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Assessment of myocardial ischemia by strain dobutamine stress echocardiography and cardiac magnetic resonance perfusion imaging before and after coronary artery bypass grafting



Assessment of myocardial ischemia by strain dobutamine stress echocardiography and cardiac magnetic resonance perfusion imaging before and after coronary artery bypass grafting



Echocardiography 34(4): 557-566



Following coronary artery bypass grafting (CABG), testing for myocardial ischemia by noninvasive imaging is often hampered by false-positive results. The aim of this study was to find test parameters with the best potential to identify myocardial ischemia in post-CABG patients. Fifty-two consecutive patients scheduled for CABG, underwent both dobutamine stress echocardiography (DSE) and cardiac magnetic resonance first-pass perfusion imaging (CMR-FPPI) with adenosine vasodilation, before and 8-10 months after the surgical revascularization. A pathologic biphasic stress response (PBR) expresses the presence of contractile reserve during low-dose dobutamine that decreases to hypo- or akinesia provoked by high-dose dobutamine. During DSE, potential PBR, segmental wall-motion score (WMS) as well as peak-systolic longitudinal strain (PLS) at peak-dose dobutamine were assessed. Post-CABG, there was still a relatively high prevalence of ischemia-positive segments evaluated by deformation imaging, but the number of such segments was significantly lower by PBR (20% and 22%) compared with peak-dose strain and WMS (62% and 77%, respectively; P<.05). The use of PBR instead of peak-dose WMS and strain could reduce the number of false-positive test results post-CABG. Among all imaging modalities tested, PBR by WMS and strain may be useful parameters for identifying patients with the need for new revascularization. We furthermore found that DSE may be interpreted as positive when revealing at least three ischemia-positive segments. The sensitivity of these test modalities for detecting coronary restenosis needs to be determined in further studies on a cohort of symptomatic post-CABG patients.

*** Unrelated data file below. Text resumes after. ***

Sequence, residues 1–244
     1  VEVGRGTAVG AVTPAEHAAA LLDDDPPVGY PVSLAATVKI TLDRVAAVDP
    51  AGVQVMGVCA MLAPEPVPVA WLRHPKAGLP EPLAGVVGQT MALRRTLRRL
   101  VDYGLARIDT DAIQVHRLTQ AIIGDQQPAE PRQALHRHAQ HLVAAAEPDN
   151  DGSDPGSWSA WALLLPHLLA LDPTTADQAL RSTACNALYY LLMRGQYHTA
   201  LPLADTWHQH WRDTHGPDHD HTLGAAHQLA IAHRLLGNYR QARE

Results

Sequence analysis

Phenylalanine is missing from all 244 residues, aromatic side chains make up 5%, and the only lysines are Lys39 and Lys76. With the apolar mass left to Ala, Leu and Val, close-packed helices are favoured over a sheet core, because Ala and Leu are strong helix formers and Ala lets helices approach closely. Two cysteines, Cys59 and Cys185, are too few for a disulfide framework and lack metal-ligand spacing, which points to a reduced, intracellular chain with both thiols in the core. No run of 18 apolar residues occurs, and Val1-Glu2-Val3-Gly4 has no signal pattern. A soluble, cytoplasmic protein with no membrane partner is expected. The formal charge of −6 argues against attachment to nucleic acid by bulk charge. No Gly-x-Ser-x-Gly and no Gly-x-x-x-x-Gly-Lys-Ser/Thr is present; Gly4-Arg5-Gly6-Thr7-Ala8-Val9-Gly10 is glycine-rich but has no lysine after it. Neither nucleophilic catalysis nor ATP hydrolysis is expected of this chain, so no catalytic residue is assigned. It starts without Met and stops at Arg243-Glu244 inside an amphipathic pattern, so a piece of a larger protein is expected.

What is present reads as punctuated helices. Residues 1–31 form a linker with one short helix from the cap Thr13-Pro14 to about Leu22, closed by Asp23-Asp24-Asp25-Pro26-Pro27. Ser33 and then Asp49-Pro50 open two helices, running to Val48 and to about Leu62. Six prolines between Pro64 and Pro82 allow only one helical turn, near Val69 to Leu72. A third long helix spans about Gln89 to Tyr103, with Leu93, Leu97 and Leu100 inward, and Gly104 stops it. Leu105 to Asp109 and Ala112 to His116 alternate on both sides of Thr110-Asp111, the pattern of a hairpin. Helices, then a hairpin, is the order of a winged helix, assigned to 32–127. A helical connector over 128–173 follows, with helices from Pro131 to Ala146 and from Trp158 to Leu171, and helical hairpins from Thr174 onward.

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Accession: 059409794

Download citation: RISBibTeXText

PMID: 28165159

DOI: 10.1111/echo.13471


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